Tuesday, May 14, 2019

Busy Making Other Plans

Film: Mr. Holland’s Opus
Format: DVD from NetFlix on The New Portable.

Of the movies I have left to get through, Mr. Holland’s Opus was the only one still on the list that I had already seen. I can’t say that I was looking forward to going through it again. There are a couple of issues with this movie that bother me a great deal. The first is a smaller problem: it’s far too long for the story it tells. Mr. Holland’s Opus approaches 2 ½ hours for a movie that is essentially about a music teacher teaching music. However, as Roger Ebert once said, no good movie is ever too long, so this is a problem that I can live with. The bigger issue is one that we’ll get to eventually.

The plot isn’t much more than what I just said. Glenn Holland (Richard Dreyfus, who manages to age 30 years over the course of the film) is a musician. At 30, he and his wife Iris (Glenne Headly) have decided to settle down. No more touring clubs and playing late nights. It’s time for Glen to get to his real desire: writing music. To help make this a reality, Iris picks up work when she can and Glenn has agreed to teach music at the local high school. The plan is that Glen will need to do the job only for four years before the two can live the lives they want.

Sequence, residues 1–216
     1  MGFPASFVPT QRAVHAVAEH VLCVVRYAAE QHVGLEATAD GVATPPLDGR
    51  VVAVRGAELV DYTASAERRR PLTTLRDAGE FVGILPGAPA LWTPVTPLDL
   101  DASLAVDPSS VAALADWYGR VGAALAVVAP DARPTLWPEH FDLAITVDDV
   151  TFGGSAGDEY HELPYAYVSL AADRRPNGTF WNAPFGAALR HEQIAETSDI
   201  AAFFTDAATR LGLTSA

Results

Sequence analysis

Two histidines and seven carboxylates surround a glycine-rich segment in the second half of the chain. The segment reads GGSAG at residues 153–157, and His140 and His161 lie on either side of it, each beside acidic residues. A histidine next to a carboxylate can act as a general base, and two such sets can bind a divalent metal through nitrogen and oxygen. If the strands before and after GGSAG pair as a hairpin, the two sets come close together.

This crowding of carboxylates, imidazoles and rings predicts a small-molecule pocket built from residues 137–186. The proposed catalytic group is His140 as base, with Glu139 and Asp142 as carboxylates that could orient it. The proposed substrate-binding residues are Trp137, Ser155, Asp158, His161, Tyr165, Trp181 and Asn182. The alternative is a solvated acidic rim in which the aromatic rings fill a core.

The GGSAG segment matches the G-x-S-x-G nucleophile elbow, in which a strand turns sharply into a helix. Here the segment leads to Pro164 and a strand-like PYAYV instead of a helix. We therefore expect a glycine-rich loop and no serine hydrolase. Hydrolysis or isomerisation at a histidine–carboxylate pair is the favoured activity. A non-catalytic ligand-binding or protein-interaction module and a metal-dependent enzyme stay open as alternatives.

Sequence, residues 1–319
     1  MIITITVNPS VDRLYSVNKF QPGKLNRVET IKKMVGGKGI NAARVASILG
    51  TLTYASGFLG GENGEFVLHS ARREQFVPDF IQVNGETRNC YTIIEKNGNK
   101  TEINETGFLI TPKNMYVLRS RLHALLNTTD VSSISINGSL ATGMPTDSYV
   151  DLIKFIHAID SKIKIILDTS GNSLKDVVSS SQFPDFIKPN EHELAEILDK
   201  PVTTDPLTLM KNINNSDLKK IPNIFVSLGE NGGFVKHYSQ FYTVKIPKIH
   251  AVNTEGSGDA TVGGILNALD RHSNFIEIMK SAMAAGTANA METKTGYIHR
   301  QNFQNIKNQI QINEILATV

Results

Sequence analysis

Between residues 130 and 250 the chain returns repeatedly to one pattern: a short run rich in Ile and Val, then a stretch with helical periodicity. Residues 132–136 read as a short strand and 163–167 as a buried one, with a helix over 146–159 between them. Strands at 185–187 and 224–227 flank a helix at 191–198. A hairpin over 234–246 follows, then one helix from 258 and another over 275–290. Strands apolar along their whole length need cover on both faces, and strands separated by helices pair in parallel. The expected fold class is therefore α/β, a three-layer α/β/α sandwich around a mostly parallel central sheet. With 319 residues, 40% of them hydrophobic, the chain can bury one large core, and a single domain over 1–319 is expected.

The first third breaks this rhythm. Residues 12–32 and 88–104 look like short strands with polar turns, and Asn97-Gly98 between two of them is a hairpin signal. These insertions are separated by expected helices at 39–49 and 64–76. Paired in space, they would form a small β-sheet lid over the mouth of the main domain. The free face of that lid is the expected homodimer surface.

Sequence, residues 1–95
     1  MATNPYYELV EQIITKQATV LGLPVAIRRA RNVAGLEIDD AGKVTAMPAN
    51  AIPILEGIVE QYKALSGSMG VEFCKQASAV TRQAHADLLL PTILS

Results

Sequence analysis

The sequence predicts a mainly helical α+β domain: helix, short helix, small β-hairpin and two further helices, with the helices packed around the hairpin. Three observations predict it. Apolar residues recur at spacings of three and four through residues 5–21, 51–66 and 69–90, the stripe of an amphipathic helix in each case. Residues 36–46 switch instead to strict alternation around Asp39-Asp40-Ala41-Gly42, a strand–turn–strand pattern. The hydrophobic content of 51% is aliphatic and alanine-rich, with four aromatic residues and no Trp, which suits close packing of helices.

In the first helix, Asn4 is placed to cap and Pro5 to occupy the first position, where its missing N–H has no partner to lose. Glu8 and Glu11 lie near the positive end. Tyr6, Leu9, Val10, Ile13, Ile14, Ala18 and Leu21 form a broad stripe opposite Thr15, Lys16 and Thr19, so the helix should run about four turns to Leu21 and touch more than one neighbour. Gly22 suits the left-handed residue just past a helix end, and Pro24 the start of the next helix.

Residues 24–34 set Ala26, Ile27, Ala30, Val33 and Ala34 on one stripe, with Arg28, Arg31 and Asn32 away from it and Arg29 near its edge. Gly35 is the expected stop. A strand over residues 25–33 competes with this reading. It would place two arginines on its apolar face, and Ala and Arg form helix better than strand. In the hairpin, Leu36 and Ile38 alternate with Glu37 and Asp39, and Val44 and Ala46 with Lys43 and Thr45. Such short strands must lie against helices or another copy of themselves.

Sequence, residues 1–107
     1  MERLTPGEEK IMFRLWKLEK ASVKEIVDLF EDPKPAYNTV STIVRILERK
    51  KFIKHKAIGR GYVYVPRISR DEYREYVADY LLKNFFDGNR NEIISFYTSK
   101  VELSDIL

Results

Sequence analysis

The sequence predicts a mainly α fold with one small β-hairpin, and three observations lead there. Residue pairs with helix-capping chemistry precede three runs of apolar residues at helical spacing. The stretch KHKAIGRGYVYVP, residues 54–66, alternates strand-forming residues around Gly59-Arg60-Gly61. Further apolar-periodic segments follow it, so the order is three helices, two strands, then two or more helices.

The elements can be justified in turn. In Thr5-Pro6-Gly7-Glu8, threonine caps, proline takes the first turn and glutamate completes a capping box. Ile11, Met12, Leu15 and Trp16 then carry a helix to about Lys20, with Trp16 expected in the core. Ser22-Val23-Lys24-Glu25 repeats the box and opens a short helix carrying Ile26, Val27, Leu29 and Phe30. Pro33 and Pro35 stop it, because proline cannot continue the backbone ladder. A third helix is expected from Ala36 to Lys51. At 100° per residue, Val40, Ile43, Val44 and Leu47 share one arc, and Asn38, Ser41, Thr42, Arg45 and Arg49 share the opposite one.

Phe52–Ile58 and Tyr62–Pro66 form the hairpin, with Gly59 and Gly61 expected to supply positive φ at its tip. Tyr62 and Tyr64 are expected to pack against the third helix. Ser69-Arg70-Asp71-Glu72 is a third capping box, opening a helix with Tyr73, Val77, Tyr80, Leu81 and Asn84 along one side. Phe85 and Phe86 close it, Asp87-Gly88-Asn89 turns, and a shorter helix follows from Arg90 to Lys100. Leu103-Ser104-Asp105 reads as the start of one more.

Glenn’s adjustment to high school is not the easiest. He initially butts heads with Principal Helen Jacobs (Olympia Dukakis) and does so much more strongly and consistently with vice principal Gene Wolters (William H. Macy). He also meets and becomes friends with the football and wrestling coach Bill Meister (Jay Thomas). Glenn’s first year is difficult, as he has trouble connecting with his students. Eventually, he figures out that the kids aren’t that interested in Bach and Beethoven or dealing with Ionian scales. He learns to bond with them by dealing with what makes him love language. In truth, he’s forced to do this because Iris tells him, just as his frustrations are reaching their peak, that she is pregnant.

And so what happens, is exactly what you expect. Glenn Holland continues to put off writing his symphony that is going to make his name in the music world because, well, teaching starts to take up all of his time. The pregnancy means that he can’t spend the summer composing, so he teaches driver’s ed instead. And year after year goes by with Glenn Holland seeming to tread water and never get started on his plans.